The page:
Could Baskin-Robbins ice cream be in Sunnyside's future? How about Fred Meyer, Cracker Barrel or Sizzler?
They potentially could be, according to survey results the Sunnyside City Council evaluated Monday night.
City Manager Bob Stockwell cautioned the survey's retail match list is speculative, noting that none of the businesses have been contacted.
In partnership with the Sunnyside Economic Development Association (SEDA), the city contracted late last year with the Texas-based Buxton Company to conduct the research. Sunnyside paid $38,000 of the study's $63,000 price tag, with SEDA picking up the remaining $25,000.
Buxton, which states that it serves 1,100 retail clients and 160 cities in 30 states, gathered the survey information from consumer spending habits within Sunnyside and outlying areas within 15-minute and 20-minute drives.
Buxton used records of credit card item purchases as well as information from the city in conducting its research. Sunnyside provided Buxton with information on housing, housing starts, new subdivisions, comprehensive plan maps, zoning maps, current retailers and those who have left.
During a presentation of the survey results to council last night, Amy Wetzel, a Buxton vice president, said her company looked at three intersections in Sunnyside: I-82 and Midvale Road, Yakima Valley Highway and Edison Avenue, and Yakima Valley Highway and Lester Road.
Wetzel said Buxton focused on 15 and 20-minute drive times from I-82 and Midvale Road.
Noting that Sunnyside has a "power house of a trade area," Wetzel said there is a $482,973,840 retail trade potential within a 15-minute drive of Sunnyside. There is a retail trade potential of $691,102,910 within a 20-minute drive of the city. Zillah and Toppenish were among the areas captured in the 20-minute drive time research.
There are an estimated 12,673 households within the 15-minute drive area, and 18,176 households within a 20-minute drive time.
Those are numbers Sunnyside can put to use when recruiting a business to the area, Wetzel added.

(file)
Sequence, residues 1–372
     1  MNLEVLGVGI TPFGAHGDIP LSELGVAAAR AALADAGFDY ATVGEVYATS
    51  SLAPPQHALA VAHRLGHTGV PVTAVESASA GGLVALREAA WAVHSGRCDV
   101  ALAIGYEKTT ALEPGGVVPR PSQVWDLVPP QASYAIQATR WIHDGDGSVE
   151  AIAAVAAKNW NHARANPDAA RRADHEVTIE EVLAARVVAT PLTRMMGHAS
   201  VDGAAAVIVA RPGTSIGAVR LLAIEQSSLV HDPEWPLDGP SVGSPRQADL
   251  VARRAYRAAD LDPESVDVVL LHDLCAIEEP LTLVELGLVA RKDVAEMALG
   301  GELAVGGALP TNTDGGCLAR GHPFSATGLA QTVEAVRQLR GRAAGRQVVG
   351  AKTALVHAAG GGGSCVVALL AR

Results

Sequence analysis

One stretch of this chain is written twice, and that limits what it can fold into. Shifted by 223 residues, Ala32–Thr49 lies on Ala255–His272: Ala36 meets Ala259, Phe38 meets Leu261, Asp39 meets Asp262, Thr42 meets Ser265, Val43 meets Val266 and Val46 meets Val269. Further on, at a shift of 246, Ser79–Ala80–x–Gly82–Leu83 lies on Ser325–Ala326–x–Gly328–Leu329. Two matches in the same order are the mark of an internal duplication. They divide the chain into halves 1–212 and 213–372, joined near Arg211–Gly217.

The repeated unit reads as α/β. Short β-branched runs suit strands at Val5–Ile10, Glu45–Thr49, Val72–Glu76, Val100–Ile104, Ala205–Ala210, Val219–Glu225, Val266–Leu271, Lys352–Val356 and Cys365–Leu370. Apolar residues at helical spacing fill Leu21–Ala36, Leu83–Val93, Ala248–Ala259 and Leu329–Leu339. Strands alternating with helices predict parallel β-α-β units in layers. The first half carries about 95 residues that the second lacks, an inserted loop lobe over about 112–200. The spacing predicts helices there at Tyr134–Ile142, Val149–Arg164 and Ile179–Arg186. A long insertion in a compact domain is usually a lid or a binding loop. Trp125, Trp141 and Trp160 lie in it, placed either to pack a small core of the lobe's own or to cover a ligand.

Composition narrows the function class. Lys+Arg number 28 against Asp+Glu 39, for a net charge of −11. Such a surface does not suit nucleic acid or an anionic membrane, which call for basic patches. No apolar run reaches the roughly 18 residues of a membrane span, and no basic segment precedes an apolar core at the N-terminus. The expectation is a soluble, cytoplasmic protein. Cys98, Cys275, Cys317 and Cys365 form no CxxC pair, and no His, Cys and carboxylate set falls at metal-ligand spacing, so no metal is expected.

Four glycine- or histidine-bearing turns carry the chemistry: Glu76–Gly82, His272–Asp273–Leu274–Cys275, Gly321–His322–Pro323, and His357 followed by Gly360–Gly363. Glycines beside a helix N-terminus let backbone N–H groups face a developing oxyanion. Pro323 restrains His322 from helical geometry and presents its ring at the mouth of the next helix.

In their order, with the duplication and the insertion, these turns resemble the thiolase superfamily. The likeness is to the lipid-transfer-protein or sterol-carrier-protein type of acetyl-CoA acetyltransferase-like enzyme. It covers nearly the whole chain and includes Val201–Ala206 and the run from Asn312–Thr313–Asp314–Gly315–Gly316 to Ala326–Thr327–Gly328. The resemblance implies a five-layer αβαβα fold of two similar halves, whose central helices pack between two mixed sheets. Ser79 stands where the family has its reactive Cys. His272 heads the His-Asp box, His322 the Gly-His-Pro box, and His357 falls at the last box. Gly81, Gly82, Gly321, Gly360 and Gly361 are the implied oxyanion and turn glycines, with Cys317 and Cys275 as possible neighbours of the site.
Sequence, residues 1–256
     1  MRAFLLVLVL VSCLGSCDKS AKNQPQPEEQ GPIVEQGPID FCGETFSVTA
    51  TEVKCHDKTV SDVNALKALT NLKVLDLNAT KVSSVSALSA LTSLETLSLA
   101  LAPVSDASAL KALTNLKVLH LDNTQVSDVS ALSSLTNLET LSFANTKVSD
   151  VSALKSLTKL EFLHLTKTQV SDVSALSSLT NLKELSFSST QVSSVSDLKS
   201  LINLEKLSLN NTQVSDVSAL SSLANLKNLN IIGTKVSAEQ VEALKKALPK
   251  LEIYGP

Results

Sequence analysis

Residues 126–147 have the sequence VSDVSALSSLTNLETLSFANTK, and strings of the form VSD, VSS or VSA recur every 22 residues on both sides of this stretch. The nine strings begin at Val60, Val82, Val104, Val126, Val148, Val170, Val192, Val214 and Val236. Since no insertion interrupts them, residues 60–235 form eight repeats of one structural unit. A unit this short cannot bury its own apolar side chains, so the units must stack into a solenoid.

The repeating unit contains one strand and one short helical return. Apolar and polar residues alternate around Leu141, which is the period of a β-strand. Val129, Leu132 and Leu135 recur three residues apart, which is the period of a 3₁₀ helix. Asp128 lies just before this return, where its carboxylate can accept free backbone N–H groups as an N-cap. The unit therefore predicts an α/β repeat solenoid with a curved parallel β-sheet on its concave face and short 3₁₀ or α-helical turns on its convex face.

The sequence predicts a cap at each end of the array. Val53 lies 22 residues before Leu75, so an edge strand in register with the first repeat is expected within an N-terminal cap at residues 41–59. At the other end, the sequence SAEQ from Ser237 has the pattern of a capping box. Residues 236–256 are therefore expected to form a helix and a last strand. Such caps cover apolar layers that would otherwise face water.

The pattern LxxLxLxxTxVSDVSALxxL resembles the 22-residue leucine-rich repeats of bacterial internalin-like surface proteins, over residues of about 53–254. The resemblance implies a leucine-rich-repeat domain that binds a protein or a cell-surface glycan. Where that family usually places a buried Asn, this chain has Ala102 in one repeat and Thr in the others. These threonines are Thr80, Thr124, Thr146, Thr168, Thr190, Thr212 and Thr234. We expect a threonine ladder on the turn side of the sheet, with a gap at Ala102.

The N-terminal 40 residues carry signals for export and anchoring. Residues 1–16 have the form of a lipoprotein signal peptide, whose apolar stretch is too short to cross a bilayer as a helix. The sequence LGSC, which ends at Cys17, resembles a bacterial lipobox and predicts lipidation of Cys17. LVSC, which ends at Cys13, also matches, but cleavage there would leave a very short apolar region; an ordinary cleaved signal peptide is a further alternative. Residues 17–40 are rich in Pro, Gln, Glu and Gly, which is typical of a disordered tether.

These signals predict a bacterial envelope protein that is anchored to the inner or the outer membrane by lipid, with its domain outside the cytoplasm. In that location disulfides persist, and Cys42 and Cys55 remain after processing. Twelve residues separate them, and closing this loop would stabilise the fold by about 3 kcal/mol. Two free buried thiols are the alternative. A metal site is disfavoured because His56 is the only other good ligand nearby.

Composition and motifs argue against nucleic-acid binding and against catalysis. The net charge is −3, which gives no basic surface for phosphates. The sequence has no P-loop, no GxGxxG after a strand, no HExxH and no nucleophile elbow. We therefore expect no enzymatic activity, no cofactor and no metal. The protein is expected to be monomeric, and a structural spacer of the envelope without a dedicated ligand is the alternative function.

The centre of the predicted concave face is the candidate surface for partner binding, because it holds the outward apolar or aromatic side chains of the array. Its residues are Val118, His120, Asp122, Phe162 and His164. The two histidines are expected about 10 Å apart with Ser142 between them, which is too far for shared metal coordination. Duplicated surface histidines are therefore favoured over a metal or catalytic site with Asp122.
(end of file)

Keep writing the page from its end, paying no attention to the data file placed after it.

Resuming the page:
The Buxton presentation provided an overlay, showing how the Sunnyside retail area fit with successful trends for the 40 businesses identified in the survey.
City Manager Bob Stockwell said he would be meeting with SEDA officials in the next two weeks to narrow the list to 20 businesses. Buxton, in turn, can provide Sunnyside with folders custom-made for each of the 20 retailers to show how this area's spending habits are a good fit for their business.
Stockwell later said of the retailer list, "This is something we won't put on a bookshelf and forget about, otherwise we've wasted our time."
He told council that one year's sales tax revenue from just one of the businesses on the list could pay the cost of the study.
Stockwell said the list helps Sunnyside be a cheerleader for encouraging retail businesses to locate here. The land and building deals needed to make that a reality, he added, will require private negotiations between developers and businesses.
Wetzel advised the city to focus on one retailer at a time, and be flexible. Noting that not all of the businesses will re-locate here, she encouraged Sunnyside to recruit a variety of businesses beyond "big box" stores.
Wetzel suggested the survey information be available on the city's website for prospective retailers.
Most of all, she encouraged Sunnyside to act on the survey results.
"This is fine-tuned information, don't let it go," Wetzel said. "Now is the linchpin of success."